Texas is heading in the wrong direction on high interest loans
If you need a few dollars to get through a financial emergency, the solution can cost a lot more than you think.
Two bills going through the House and Senate in Austin would raise the statutory cap on how much finance companies could lend to people who need a relatively small amount of money quickly.
The financial industry argues that this change is necessary because consumers need access to small loans, but insists that the current cap, now at $ 1,460, makes these loans financially impractical for lenders. Citing a report from state regulators, lenders say the current cap is artificially low, creates a “credit desert” for borrowers and pushes consumers to unlicensed lenders, pawn shops, credit card advances and more. payday lenders.
Obviously, there is some truth in the claims of the financial industry. Credit deserts are real, and access to credit is generally more difficult and costly for poor and minority borrowers. But there is more to the story than just making credit more accessible.
House Bill 2432 and the accompanying Senate Bill 1089 would change Chapter 342, Subchapter F – the statute of the finance code that governs small installment loans – to increase the limit for small installments. loans at $ 2,190. However, consumer advocate Texas Appleseed, who opposes the bills, says monthly finance rates and transaction fees on a two-year $ 2,000 loan would offer consumers an annual percentage rate of about 79%. And the total cost of the loan could exceed $ 4,000 if the borrower refinances the loan, Appleseed says,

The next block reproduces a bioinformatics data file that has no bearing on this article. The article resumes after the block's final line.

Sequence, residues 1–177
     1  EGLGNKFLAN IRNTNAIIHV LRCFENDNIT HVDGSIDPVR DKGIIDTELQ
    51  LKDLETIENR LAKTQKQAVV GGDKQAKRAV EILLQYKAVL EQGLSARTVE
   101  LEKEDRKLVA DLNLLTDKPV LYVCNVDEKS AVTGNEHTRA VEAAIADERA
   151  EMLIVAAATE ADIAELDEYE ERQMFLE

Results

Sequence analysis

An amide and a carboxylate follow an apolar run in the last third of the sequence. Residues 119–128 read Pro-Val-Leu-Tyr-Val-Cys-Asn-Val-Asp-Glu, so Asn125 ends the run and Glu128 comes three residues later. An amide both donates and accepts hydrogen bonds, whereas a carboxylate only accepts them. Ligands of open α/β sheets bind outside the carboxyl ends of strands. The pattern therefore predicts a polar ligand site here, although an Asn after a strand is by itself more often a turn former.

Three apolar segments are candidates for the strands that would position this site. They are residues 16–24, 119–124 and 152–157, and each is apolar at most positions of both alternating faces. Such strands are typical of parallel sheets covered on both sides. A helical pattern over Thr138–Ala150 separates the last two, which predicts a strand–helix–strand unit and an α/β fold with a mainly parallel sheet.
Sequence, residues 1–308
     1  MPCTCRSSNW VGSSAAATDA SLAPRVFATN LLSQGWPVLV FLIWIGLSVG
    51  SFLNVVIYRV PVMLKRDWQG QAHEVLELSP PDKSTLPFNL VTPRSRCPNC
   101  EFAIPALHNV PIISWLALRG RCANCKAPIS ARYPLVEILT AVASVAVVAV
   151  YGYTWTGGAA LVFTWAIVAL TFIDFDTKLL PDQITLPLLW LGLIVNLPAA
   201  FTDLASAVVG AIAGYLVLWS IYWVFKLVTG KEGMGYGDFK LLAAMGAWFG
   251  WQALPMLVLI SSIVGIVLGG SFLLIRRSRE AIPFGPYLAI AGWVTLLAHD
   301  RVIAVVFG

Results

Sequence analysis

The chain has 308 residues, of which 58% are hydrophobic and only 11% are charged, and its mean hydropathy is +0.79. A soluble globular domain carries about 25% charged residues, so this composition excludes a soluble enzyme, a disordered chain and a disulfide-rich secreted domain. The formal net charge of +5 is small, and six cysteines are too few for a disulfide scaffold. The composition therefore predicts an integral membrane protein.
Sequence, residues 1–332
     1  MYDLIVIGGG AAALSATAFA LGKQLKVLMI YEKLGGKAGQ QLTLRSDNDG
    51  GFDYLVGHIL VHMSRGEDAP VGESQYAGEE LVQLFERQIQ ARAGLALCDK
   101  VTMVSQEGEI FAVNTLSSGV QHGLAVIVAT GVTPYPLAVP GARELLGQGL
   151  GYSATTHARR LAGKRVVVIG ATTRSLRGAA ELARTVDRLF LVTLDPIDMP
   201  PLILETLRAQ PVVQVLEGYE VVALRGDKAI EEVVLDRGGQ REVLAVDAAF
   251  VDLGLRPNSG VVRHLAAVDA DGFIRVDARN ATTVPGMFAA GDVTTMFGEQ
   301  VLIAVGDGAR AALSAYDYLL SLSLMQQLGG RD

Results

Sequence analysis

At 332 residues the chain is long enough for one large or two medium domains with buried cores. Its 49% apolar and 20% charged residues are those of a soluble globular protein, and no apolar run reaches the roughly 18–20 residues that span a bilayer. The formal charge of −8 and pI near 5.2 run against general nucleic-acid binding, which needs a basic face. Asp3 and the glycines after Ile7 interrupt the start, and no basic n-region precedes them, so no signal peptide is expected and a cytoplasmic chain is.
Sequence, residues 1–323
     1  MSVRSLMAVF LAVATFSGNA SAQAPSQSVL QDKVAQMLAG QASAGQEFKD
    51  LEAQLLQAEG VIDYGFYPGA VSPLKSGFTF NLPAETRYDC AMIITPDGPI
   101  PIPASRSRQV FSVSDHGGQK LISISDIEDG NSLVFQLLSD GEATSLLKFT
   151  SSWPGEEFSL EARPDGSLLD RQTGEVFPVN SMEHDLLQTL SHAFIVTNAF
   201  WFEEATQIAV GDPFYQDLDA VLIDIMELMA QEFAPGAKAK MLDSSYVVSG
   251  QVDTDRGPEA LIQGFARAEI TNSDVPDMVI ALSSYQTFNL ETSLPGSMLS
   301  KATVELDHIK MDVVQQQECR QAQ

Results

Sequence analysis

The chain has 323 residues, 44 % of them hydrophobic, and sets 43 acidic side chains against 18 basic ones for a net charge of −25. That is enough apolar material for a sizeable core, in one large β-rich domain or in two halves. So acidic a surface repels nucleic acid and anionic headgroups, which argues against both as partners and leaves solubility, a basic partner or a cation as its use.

So how does Texas stack up against the 42 states and the District of Columbia that have maximum loan amount caps? According to the National Consumer Law Center, the national median APR on a two-year $ 2,000 loan is 32%. If lawmakers allowed the increase in the dollar limit, the 79% APR on a two-year $ 2,000 loan in Texas would only be exceeded by New Mexico’s shocking 175% APR on the same amount.
These loans are not as expensive as payday loans, but the reality is that there is nothing cheap at an interest rate of 79%. On Tuesday, Texas Appleseed, the Texas Catholic Bishops’ Conference and Central Texas United Way testified against the bills, describing the proposed change as promoting high interest debt to vulnerable borrowers.
Texans need borrowing options, and lenders have a right to profit. However, these bills do not properly balance the need for available credit against the real cost of these loans to consumers and should not become law.
Do you have an opinion on this problem? Send a letter to an editor, and you could be published.